Dad and his Uncle Jim were the most obvious ones to look into the matter, since they knew the most about tracking and trailing. I was more than just a little worried when I noted that they each took a rifle along.

Those of us who stayed behind stood around outside trying to see or hear the two men as they searched for clues some distance away. We caught an occasional glimpse of them through the brush and rocks around the mine and down canyon about a quarter of a mile. They returned looking grim but satisfied.

“Two horses were tied to some brush down the canyon sometime last night,” Uncle Jim volunteered in answer to our unspoken questions.

“One man stayed with the horses while the other entered the mine.” Dad took up the story.

“But the dogs didn’t bark,” countered Mike.

“That’s right,” echoed John, suspicion darkening his face. “And maybe that means our visitors weren’t strangers—or at least the one who entered the mine wasn’t,” he corrected himself.

For a time nothing more was said. Then Mrs. Brently whispered everyone’s unasked questions: “What should we do? Who was it? Why did they come?”

“I don’t know,” Mike answered. “But a mining claim is almost like private property.” He paused. “Let’s go talk to the sheriff—maybe he’ll have some advice. This day is shot anyway, and our working now might destroy valuable clues.”

Suddenly the old chill of fear fell over me. To think that we had had night visitors that might be known to our dogs was disconcerting. My dad’s eyes burned with suppressed anger—an anger that boded little good for anyone he might catch in the act. He hadn’t forgotten how close that broken rung had come to pitching him 80 feet down a rocky shaft!

In town, the sheriff agreed with Mr. Johnson. “Yes, a mining claim is almost like private property, even when it’s on public land. But what can I do? Nobody has actually been injured, nothing has been taken, no people have been seen.” He then added, “I know you fellows have guns. Don’t do anything foolish.”

The disgruntled group filed out of the sheriff’s office.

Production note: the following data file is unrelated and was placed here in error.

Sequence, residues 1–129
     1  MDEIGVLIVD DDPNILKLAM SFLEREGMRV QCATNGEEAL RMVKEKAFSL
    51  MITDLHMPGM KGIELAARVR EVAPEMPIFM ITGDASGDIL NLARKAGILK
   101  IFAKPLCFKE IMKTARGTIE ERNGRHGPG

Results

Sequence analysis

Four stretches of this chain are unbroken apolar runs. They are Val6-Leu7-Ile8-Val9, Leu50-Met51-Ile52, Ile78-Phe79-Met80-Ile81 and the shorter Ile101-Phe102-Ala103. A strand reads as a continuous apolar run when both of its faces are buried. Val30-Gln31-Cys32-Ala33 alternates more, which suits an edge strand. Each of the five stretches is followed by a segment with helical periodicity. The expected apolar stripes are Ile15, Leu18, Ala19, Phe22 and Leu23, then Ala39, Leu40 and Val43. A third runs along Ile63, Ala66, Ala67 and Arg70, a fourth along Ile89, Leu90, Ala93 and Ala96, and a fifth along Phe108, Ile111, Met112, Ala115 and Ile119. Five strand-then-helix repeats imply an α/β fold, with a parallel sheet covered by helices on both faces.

“He didn’t even sound sympathetic,” complained John.

“Couldn’t care less,” agreed Mike.

“I think he knows more than he lets on,” observed Dad. “He hedged on some of my questions and wouldn’t look any of us in the eye.”

“Psst! Over here!” came an interrupting voice. It was the friendly deputy sheriff we’d met in connection with the two spies. “Come on out to the parking lot. I’ve got something to tell you.”

Near our truck, at a spot not visible from the sheriff’s office, we stopped. The deputy still spoke in low tones, however.

“Just listen and don’t ask questions. I don’t have much time before my partner will be here. Lots of people in town know you fellows may be close to something at your diggings. The sheriff knows it too. The rancher nearest your canyon has been seen taking another person to your claim after dark. I learned this from some teenagers camping out nearby. They were frightened by the guns they saw. Now, don’t you fellows panic and do anything foolish. It would be mighty embarrassing for everyone if you shot at a shadow and killed a priest.”

“A priest?” I exploded.

“Hush up and listen, son,” Dad cautioned. Turning back to the deputy, he said, “Explain yourself.”

“Mr. Armistead, the local priest considers that treasure to be the rightful property of the Catholic Church. It goes way back to the revolution. Anyway, he’s just trying to keep track of what’s going on. Don’t worry. He knows by now that he’s been discovered—or will, just as soon as the sheriff hangs up the phone. He’ll probably not go out there again after that.”

Sheriff? Phone? Priest? What strange stuff! Yet now I understood why the dogs hadn’t barked. They knew our rancher friend, Señor Espinosa.

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Night Visitors